The truth is though, Elaine Chung (ARC director) hooked me into the Austin Distance Challenge last year and that is what really tipped off my consistent training. I committed to those races and found out just how far out of shape I had fallen and that was the motivation I needed to return to consistent training.

2.  What is your running community?  Who do you train with?

My running community is deep. I feel very lucky to have so many people to run with here. I do the majority of my training with random running friends when our schedules coordinate and I try to consistently run with Rogue on Thursday and Saturday mornings. Amy Baker directed my workouts building into the Austin marathon and continues to help guide me as I try to maintain shape going into winter marathon training.

My current training schedule consists of swimming on Mondays, long-easy run on Tuesdays, short-easy and strides on Wednesday, Rogue workout on Thursday, swim on Friday, Rogue long run with workout or a race on Saturday, long-easy on Sunday. Due to frequent work/child/schedule hiccups during the week, one of those days tends to end up being an off-day.

3.  My PT (you) told me to keep up with core and cross training.  You have a young family and a demanding job.  How are you at following your PT’s advice?

It takes some planning and discipline! My husband works out Monday/Wednesday/Friday mornings and I take Tues/Thursday/Sat mornings. I squeeze in some core strength and body weight exercises twice a week when I am healthy and more when I am not. I just commit to getting it done, assign 10-30 minutes of time to them and knock it out. My usual routine consists of 8-10 minutes of abdominal work and about 6 leg exercises. I currently rely on swimming to address my arm strength. I am also a big advocate of getting soft tissue work and manual therapy done consistently when I am training. Like once a month if possible even when I am healthy.

Over the years, I have found that getting massage work or a physical therapy check-up done often helps me discover the areas that are breaking down before I am aware of them and then I turn my attention to addressing that area before they develop into injuries.

4.  I love technical trail running, but there are some obvious risks compared to running on roads or Town Lake Trail.  As a physical therapist, what is your advice for runners who are considering trail runs?

I personally love the trails and the slightly different physical challenges that they bring. I have a history of ankle sprains so I tape my ankles EVERY TIME I run the trails to decrease my risk of spraining them. Falls are always a possibility and will happen every so often. I fell last year and had to get stitches, I fell during one of the Trail Series races this year too but thankfully didn’t suffer more than a few bruises. Overall, I think trail running is a great way to mix up your run training. Trails are beautiful, they require you to slow down a little (though the effort level is still certainly there) and demands more from your glutes which distance runners frequently lack strength in.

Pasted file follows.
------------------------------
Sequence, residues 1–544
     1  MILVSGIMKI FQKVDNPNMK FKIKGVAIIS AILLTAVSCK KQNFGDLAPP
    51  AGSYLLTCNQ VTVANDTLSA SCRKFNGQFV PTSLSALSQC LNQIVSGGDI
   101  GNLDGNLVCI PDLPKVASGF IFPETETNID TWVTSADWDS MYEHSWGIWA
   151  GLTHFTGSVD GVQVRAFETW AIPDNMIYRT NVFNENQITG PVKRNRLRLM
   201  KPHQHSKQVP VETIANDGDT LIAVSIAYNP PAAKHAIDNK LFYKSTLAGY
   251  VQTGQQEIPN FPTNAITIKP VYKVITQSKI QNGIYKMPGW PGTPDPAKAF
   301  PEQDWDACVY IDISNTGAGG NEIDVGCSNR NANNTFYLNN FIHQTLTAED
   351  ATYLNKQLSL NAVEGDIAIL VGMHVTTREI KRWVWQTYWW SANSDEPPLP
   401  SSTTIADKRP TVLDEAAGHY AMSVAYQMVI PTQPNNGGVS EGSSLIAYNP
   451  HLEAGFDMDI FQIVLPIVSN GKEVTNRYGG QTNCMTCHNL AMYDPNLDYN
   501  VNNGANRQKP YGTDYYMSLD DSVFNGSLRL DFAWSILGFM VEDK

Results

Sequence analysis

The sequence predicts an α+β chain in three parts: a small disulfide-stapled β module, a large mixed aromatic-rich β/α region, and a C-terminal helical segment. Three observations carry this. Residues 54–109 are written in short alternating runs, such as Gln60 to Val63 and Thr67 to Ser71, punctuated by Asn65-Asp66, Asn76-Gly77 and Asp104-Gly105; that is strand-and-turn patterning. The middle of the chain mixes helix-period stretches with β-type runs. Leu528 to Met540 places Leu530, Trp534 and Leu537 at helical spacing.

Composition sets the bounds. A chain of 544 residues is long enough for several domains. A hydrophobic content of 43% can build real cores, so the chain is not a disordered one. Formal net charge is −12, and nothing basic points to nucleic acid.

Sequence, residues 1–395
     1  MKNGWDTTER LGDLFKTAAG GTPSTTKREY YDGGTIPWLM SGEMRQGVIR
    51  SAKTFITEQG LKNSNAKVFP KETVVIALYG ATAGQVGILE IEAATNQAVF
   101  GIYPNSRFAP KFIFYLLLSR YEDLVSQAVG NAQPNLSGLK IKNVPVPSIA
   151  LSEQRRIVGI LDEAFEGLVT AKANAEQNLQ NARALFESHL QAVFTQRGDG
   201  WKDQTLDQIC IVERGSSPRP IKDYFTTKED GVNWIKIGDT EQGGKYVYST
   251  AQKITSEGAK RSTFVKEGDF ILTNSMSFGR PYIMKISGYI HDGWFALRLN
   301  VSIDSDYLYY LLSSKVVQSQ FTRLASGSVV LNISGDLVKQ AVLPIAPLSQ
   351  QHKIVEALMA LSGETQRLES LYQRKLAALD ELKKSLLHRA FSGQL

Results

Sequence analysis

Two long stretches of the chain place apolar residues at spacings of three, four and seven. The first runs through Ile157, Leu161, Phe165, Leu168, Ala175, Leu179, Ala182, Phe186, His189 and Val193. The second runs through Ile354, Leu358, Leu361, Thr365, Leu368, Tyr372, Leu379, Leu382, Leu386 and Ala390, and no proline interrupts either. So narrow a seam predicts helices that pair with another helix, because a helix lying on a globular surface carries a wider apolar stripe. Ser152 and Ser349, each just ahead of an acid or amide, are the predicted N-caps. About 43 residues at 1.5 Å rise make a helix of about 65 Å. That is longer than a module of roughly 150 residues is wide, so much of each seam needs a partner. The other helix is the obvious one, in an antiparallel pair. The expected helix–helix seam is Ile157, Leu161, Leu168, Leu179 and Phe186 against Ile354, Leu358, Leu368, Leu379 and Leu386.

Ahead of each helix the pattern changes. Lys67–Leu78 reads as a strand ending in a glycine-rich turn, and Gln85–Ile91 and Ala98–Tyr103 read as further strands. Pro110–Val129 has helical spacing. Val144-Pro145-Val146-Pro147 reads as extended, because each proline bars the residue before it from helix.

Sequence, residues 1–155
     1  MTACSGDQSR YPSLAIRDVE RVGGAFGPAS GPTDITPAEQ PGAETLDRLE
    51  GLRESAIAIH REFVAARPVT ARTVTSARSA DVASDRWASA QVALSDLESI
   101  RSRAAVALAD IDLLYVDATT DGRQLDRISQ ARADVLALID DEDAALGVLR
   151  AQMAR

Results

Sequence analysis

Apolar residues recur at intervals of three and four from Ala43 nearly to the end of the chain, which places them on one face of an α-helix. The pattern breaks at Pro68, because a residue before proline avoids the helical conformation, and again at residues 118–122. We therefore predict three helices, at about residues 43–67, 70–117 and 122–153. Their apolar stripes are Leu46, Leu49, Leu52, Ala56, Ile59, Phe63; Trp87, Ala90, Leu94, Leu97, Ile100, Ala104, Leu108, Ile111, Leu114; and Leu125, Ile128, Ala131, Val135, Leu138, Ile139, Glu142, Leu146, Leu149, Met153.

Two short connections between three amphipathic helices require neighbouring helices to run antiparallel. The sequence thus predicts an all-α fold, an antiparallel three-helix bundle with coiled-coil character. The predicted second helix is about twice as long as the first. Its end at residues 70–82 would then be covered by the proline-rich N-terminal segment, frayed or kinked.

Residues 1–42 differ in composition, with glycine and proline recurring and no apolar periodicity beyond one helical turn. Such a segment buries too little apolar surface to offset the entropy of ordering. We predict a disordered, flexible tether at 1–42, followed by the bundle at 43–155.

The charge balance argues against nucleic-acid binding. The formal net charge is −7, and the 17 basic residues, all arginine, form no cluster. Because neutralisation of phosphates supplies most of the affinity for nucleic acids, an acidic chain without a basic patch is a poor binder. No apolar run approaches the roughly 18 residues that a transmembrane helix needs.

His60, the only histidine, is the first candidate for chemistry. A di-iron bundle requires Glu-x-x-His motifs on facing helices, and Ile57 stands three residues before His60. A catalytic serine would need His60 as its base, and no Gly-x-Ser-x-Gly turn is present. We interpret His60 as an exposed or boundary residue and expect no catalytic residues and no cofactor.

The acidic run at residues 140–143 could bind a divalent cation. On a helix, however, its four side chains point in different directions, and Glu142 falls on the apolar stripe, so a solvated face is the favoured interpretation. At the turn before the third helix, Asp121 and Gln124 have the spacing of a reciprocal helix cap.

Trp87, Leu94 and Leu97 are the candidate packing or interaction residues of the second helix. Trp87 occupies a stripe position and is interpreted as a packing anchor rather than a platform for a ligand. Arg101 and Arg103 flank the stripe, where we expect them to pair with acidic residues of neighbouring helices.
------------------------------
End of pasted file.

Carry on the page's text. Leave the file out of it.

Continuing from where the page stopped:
A big thanks and congratulations to Katie, and all the runners who completed the Trail Series.

Interesting news and articles

Frank Deford died on Sunday, read this profile from The Ringer.  I used to look forward to his Sports Illustrated articles, he could bring the most esoteric or boring event to full life with just a paragraph.  His long career also included many books and the excellent, but doomed, daily sports newspaper The National.  More recently, I enjoyed listening to his weekly essays on NPR’s Morning Edition. His passing reminded me of Red Barber, another celebrated sports journalist that was featured on Morning Edition towards the end of his life.  Yes, I am old enough that I listened to NPR in the 80s, and not because my mom had it on the car radio.

Excellent interview of Magda Boulet from iRunFar.

Joan Benoit Samuelson is training to become the first 60+ women to run a sub-3 hour marathon this fall in Chicago.  This Outside Magazine article has some useful advice from Joan.  (Hat tip to Dan Hannon)

Trail running made it to Sports Illustrated!  Decent article with quotes from Mike Wardian and Dean Karnazes.

Byron Powell and Meghan Hicks of iRunFar wrote a great trail runners guide to Madiera.  Another place I need to go…

The Western States 100 is a few weeks out, June 24-25.  The race this year will feature drug testing for the top 10 and a random selection of other finishers.

Also in the doping department, the NY Times report on the Nike Oregon Project is disturbing, to say the least.  I really hope Farah, Rupp, and the rest don’t end up in the same category as another Nike athlete, Lance Armstrong.

Upcoming races

Tejas Trails has an interesting event this weekend, The Festival, out at Krause Springs, near Spicewood.  There are multiple races throughout the day. The most extreme is the Trifecta Trail Challenge, with a marathon in the morning, a 10K in the afternoon, and a 5K in the evening.  Sounds like a Steven Moore special.

I’m looking forward to the Maudie’s Moonlight Margarita Run on June 8.  It’s a fundraiser for The Trail Foundation.